Chairman Ben Bernanke’s shock announcement on Wednesday that the
U.S. central bank was not ready to pare back its stimulus
program could make it more difficult for his successor to
navigate the Fed’s way out of its extraordinarily aggressive
policy.

Economists had expected Bernanke to follow through with the
rough chart he had drafted in June: trimming the Fed’s
bond-buying program before year-end and ending it by mid-2014,
when he expected the unemployment rate to be around 7 percent.

Sep 12, 2013

U.S. central bankers criticize SEC’s money-market proposals

Sept 12 (Reuters) – Heads of the 12 U.S. Federal Reserve
regional banks on Thursday strongly criticized a component of a
U.S. Securities and Exchange Commission proposal aimed at
preventing runs on money-market funds, saying it does little to
change current rules.

The measure, part of a series of proposed SEC changes to
reduce risks in the $2.5 trillion money-market industry, would
let funds ban withdrawals or charge fees for them in times of
stress like the 2008 credit crisis.

Sep 12, 2013

Central bankers, brokers snap at SEC’s money-market proposals

NEW YORK (Reuters) – Heads of the 12 U.S. Federal Reserve regional banks on Thursday strongly criticized a component of a U.S. Securities and Exchange Commission proposal aimed at preventing runs on money-market funds, saying it did little to change current rules.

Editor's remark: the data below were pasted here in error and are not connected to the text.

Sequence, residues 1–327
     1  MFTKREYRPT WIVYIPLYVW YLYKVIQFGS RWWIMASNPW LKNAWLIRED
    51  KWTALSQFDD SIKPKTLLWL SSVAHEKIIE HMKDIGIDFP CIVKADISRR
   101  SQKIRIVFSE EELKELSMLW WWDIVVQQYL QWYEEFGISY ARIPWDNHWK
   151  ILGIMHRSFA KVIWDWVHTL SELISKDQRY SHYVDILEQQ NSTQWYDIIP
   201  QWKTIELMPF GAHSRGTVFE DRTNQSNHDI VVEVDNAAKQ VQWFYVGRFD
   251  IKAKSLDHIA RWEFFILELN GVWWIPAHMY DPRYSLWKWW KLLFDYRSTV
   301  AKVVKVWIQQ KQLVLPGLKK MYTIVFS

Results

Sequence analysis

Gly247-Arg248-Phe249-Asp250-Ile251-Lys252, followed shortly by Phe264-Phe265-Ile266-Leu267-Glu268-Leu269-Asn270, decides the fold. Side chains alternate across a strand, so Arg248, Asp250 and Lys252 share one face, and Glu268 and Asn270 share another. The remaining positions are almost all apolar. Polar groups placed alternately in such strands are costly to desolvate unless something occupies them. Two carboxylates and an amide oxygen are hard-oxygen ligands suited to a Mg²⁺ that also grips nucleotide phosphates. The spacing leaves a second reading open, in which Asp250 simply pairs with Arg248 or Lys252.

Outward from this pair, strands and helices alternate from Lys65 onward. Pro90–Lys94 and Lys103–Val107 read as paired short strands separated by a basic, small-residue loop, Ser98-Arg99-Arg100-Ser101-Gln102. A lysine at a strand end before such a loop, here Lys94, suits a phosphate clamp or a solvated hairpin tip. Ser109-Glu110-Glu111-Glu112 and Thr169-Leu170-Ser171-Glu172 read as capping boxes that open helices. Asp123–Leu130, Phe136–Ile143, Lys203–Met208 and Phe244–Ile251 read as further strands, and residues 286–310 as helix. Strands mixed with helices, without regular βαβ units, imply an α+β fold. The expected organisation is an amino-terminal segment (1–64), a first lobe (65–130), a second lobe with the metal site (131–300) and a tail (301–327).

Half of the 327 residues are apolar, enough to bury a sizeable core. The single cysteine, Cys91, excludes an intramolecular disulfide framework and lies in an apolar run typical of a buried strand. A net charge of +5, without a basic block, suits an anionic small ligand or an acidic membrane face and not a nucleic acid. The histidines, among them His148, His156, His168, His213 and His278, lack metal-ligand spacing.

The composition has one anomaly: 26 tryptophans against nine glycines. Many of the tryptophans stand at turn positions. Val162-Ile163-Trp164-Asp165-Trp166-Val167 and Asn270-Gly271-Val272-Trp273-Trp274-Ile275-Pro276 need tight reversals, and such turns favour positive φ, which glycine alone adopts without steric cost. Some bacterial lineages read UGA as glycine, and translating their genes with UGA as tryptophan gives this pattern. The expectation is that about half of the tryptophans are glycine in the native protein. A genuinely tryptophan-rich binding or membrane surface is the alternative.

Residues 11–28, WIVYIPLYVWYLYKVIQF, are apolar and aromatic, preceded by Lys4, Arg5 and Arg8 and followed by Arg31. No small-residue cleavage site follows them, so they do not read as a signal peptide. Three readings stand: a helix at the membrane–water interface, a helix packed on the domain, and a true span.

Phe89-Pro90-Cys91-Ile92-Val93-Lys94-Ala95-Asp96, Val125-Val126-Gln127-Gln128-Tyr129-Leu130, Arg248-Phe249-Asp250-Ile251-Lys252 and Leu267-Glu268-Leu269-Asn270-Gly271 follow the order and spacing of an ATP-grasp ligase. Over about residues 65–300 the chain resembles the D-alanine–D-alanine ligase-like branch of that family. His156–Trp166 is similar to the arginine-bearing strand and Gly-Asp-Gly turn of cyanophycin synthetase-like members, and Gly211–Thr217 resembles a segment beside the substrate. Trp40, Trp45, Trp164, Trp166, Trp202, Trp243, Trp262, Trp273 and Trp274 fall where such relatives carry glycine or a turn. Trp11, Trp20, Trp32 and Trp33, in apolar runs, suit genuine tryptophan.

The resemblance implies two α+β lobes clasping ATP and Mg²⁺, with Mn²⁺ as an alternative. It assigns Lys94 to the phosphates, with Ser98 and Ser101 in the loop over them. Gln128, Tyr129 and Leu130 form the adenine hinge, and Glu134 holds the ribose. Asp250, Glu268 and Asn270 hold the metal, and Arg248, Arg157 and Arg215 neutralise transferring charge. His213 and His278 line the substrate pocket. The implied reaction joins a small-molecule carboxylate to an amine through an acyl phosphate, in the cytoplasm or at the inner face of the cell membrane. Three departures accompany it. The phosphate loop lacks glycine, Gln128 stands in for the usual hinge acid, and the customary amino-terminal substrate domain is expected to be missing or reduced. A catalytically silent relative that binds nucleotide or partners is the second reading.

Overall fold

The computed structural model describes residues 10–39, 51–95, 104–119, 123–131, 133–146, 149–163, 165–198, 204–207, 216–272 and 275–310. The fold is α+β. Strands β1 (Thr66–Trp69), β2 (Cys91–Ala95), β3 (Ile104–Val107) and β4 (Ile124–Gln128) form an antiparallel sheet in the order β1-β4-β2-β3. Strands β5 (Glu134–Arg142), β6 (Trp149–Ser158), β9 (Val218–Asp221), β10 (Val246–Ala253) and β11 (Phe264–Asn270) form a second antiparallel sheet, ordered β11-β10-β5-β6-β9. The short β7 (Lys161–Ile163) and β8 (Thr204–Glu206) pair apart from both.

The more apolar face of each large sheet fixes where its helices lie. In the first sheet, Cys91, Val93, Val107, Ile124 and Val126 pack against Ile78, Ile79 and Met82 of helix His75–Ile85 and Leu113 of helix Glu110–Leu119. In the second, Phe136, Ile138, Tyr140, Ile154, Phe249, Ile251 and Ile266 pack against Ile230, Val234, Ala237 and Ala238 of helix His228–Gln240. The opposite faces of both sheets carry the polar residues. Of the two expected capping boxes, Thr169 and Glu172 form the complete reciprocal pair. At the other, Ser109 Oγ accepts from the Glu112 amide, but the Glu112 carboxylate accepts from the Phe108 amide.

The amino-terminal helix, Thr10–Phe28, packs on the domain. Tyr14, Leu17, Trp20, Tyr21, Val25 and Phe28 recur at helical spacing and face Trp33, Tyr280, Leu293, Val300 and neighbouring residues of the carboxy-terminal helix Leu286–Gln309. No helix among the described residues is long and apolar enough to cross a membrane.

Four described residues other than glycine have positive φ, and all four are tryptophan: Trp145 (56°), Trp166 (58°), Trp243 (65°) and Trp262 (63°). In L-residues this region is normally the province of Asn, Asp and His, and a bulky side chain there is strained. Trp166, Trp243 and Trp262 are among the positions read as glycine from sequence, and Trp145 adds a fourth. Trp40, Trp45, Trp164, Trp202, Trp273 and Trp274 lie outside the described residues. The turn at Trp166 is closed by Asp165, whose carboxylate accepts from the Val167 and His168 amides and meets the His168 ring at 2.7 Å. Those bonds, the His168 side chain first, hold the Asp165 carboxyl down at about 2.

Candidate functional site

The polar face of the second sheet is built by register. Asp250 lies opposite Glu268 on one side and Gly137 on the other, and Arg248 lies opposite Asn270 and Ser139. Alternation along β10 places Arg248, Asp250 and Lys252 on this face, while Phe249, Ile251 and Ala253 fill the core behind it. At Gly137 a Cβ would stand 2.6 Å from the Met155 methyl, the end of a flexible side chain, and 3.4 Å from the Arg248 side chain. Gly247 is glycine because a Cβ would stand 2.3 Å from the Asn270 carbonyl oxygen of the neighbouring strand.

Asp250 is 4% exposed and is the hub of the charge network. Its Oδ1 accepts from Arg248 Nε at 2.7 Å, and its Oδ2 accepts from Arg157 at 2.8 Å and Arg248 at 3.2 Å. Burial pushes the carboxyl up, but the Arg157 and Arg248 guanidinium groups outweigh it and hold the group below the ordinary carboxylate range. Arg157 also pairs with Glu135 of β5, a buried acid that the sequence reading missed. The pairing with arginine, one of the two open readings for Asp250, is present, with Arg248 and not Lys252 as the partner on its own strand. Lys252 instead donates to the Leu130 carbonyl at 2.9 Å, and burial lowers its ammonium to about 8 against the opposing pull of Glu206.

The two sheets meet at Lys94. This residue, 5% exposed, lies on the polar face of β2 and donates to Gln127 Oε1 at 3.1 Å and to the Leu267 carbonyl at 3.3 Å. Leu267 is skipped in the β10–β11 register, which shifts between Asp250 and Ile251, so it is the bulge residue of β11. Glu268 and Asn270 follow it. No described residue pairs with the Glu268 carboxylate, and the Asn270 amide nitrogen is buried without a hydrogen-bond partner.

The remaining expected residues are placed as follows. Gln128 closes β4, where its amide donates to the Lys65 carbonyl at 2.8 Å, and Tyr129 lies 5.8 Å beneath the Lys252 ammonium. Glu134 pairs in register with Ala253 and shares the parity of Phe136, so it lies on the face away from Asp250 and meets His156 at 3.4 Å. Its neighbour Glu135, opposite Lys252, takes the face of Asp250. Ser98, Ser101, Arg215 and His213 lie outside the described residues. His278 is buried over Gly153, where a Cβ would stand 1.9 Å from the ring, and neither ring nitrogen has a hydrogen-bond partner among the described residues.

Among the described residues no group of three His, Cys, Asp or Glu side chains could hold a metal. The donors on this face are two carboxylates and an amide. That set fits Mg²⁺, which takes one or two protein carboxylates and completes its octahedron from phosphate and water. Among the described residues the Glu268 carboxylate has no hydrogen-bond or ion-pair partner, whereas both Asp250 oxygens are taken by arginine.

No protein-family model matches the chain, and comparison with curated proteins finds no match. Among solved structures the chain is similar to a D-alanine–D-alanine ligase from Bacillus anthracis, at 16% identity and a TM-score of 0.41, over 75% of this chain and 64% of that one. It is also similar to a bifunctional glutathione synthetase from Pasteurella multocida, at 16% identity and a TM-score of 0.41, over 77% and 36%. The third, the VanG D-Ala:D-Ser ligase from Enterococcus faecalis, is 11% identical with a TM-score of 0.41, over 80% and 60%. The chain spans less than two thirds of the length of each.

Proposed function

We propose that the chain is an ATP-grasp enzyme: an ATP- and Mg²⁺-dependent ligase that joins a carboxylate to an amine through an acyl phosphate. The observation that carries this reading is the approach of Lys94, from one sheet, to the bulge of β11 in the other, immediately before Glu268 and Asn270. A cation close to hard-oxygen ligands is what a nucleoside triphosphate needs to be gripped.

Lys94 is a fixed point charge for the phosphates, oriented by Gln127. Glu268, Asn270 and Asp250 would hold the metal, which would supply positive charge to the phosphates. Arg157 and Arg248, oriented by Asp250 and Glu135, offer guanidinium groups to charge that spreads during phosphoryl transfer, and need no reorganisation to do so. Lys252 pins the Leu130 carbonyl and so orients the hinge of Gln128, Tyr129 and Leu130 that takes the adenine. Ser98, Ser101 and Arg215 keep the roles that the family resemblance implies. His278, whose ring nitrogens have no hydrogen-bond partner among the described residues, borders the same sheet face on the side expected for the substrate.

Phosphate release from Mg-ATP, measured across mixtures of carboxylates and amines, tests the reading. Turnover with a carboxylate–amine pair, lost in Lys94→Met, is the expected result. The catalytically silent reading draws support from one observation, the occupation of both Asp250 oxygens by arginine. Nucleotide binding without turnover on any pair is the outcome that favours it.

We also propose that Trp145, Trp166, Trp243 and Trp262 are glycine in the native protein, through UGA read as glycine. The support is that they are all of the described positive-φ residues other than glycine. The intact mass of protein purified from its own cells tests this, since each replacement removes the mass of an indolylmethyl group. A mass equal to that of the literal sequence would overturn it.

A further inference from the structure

The measure, part of a series of proposed SEC changes to reduce risks in the $2.5 trillion money-market industry, would let funds ban withdrawals and charge fees for them in times of stress like the 2008 credit crisis.

Sep 10, 2013

U.S. Fed expected to forge ahead with modest cut to QE3

NEW YORK (Reuters) – The beginning of the end of the Federal Reserve’s determined support for the U.S. economy is expected to come next week when top officials gather for one of the most highly anticipated meetings since the end of the Great Recession.

Despite a lackluster August jobs report, the U.S. central bank will probably reduce its bond-buying program from the current $85 billion per month, given the progress the economy has made over the last year.

Sep 10, 2013
via MacroScope

New film takes a whack at warped Fed policies in the land of never-ending bubbles

Photo

“Money for Nothing: Inside the Federal Reserve” is a slick, thoughtful and alternately infuriating-and-funny documentary that premiered in New York’s Florence Gould Hall last night. It gives the U.S. central bank a pretty thorough lashing, especially Alan Greenspan. The former Fed Chairman is strung up like a piƱata and smacked around as the culmination of long-misguided U.S. monetary policy that, crisis after crisis, lacks the creativity and courage to remove the proverbial punch bowl when the time is right.

The film, by writer and director Jim Bruce, is narrated by Liev Schreiber but almost doesn’t need him given the series of interviews that drive an account of the Fed over the 100 years of its existence. Paul Volcker, Alice Rivlin, Charles Plosser, Jeffrey Lacker, Allan Meltzer, Raghuram Rajan, Alan Blinder and Jim Grant are among those who weigh in. Oh and Janet Yellen, but not Lawrence Summers.